of the FDH-signature scheme under the (trapdoor)-one-wayness of some
permutations.
#### 11-12 Cédric Fournet, Cryptographically Sound Implementations for Communicating Processes (joint work with Pedro Adao) slides

We design a core language of principals running distributed programs
over a public network.
Our language is a variant of the pi calculus, with secure
communications, mobile names, and high-level certificates, but
without any explicit cryptography.
Within this language, security properties can be conveniently studied
using trace properties and observational equivalences, even in the
presence of an arbitrary (abstract) adversary.
With some care, these security properties can be achieved in a
concrete setting, relying instead on standard cryptographic
primitives and computational assumptions, even in the presence of an
adversary modelled as an arbitrary probabilistic polynomial-time
algorithm. To this end, we develop a cryptographic implementation
that preserves all properties for all safe programs. We give a
series of soundness and completeness results that precisely relate
the language to its implementation. We also illustrate our approach
using a series of protocols and properties expressible in our
language, and motivate some unusual design choices.

#### 12-14: Lunch, restaurant "Les Bugnes"

#### 14-14:30 Mathieu Baudet, Guessing Attacks and the Computational
Soundness of Static Equivalence (joint work with Martín Abadi and Bogdan
Warinschi) slides

The indistinguishability of two pieces of data (or two lists of pieces
of data) can be represented formally in terms of a relation called
static equivalence. Static equivalence depends on an underlying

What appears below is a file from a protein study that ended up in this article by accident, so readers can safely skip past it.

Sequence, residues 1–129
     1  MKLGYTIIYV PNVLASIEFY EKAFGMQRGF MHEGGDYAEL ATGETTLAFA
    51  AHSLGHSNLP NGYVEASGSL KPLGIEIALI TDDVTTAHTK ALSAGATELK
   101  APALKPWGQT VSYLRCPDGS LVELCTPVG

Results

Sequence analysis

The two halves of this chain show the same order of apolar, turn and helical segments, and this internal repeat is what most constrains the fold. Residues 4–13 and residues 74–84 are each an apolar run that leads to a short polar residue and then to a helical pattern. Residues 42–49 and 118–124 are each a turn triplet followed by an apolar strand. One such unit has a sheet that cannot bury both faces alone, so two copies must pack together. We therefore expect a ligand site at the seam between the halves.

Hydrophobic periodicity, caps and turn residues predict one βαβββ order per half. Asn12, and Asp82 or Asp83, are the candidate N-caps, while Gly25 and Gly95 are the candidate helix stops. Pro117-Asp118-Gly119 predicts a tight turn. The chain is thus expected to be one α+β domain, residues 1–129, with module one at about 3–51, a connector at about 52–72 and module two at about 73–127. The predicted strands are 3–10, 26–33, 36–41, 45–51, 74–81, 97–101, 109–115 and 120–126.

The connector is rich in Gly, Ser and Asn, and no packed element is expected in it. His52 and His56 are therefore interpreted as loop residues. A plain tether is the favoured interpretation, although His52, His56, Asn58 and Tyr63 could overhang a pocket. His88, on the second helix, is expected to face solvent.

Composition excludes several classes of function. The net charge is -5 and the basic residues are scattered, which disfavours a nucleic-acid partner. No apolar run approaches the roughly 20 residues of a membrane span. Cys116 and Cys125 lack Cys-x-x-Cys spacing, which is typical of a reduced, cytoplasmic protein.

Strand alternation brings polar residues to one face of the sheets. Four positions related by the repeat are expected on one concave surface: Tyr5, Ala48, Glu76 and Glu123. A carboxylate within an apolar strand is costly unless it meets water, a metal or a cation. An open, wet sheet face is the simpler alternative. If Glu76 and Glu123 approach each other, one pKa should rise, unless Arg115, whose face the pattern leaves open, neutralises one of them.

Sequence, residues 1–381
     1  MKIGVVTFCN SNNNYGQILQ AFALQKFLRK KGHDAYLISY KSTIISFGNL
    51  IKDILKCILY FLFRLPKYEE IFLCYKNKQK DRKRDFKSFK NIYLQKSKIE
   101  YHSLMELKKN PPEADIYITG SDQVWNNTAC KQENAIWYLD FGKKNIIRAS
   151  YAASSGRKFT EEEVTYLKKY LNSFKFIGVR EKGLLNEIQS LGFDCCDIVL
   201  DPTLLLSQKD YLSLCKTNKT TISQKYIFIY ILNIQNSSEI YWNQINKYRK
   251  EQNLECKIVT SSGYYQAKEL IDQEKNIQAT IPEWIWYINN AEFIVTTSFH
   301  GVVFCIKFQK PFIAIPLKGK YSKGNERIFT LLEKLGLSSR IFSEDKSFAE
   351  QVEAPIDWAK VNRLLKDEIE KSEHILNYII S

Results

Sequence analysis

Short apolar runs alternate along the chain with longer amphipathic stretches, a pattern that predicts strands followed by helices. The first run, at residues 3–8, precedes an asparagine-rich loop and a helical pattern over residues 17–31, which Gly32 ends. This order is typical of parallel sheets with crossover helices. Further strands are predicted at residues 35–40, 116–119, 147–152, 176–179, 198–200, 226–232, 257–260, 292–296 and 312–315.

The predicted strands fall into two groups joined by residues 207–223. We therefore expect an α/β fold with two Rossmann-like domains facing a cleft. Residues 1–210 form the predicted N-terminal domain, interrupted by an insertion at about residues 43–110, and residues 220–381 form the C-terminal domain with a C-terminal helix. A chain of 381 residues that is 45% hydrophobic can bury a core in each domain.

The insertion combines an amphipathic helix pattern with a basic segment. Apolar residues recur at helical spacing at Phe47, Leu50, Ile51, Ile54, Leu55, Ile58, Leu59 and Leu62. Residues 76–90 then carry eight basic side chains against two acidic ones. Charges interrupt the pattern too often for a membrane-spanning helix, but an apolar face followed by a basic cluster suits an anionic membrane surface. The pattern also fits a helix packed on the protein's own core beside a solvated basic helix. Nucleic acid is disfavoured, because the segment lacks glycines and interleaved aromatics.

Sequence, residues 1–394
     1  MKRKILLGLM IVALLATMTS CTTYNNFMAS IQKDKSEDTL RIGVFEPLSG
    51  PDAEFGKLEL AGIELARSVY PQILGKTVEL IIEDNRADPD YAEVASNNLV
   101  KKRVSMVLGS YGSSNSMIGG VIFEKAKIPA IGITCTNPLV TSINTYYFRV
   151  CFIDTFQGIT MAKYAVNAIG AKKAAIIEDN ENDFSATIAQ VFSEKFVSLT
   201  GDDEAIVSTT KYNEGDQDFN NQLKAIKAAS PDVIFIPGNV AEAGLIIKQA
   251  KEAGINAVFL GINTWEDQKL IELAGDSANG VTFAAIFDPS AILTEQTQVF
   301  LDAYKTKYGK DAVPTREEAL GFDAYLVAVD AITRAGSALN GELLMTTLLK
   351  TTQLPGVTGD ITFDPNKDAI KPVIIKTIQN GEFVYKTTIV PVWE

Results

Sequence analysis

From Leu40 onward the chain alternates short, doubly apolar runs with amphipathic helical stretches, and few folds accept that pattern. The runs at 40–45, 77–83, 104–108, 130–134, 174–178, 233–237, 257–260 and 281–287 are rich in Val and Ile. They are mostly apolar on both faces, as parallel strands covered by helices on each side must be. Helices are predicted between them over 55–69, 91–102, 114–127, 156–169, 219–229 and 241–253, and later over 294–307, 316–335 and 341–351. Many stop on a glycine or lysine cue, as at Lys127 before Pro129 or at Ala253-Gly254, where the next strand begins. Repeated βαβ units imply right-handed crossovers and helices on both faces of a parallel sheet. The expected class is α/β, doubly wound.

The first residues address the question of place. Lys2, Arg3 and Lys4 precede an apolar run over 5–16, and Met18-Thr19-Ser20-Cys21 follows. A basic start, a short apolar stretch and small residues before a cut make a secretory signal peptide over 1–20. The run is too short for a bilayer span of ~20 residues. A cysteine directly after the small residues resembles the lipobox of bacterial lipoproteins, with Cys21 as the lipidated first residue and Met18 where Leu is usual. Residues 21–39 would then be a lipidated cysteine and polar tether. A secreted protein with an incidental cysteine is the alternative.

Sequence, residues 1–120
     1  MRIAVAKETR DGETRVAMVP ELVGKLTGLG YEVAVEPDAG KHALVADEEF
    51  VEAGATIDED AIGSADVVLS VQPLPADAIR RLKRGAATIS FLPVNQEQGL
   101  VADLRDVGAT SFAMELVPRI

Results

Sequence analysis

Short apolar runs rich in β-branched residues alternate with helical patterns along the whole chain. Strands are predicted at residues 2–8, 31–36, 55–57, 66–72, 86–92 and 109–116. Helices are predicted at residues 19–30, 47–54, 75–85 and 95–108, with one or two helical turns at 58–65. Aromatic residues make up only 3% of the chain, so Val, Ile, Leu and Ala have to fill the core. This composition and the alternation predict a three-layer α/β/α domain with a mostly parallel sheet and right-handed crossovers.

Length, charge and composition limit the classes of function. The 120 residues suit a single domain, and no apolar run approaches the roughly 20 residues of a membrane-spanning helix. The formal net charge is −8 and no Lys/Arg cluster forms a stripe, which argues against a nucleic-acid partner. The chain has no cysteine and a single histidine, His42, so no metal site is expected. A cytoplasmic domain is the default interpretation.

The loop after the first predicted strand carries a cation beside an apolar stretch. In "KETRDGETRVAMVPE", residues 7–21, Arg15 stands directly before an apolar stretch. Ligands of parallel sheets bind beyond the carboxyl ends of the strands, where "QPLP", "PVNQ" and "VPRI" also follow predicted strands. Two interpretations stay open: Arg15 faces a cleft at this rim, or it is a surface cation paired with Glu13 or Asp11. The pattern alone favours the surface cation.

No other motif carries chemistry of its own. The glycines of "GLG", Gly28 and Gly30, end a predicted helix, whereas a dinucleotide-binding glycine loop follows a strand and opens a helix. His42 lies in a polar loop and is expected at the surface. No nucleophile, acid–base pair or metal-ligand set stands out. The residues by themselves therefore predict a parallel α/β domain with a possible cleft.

equational theory. The choice of an inappropriate equational theory can
lead to overly pessimistic or overly optimistic notions of
indistinguishability,
and in turn to security criteria that require protection against
impossible attacks or worse yet that ignore feasible ones. In this
paper, we define and justify an equational theory for standard,
fundamental cryptographic operations. This equational theory yields a
notion of static equivalence that implies computational
indistinguishability. Static equivalence remains liberal enough for use
in applications. In particular, we develop and analyze a principled
formal account of guessing attacks in terms of static equivalence.
#### 14:30-15 Véronique Cortier, Computationally Sound Symbolic Secrecy in the
Presence of Hash Functions (joint work with Steve Kremer, Ralf Küsters,
and Bogdan Warinschi) slides

In this paper we devise a novel, cryptographically sound
secrecy notion.
Motivated by difficulties related to the use of hash functions, we
depart from the more established deducibility-based definition and
base our new criterion on patterns.
Interestingly, our new notion is both necessary and sufficient for
computational secrecy. The cryptographic primitives that we consider
are pairing, (INDCCA secure) public-key encryption, and hashing,
which is modeled as a random oracle. We also prove that any concrete
trace resulting from a protocol execution in the cryptographic model
can be mapped to a Dolev-Yao trace with overwhelming probability. To
obtain our results we develop a new proof technique which is of
independent interest.
#### 15-15:30 Coffee Break

#### 15:30-16 Discussion "Modular approach"

Introduction by Bogdan Warinschi slides
#### 16-16:30 Discussion "Intermediate approach"

Introduction by Mathieu Turuani slides
#### 16:30-17 Discussion "Direct approach"

Introduction by David Pointcheval slides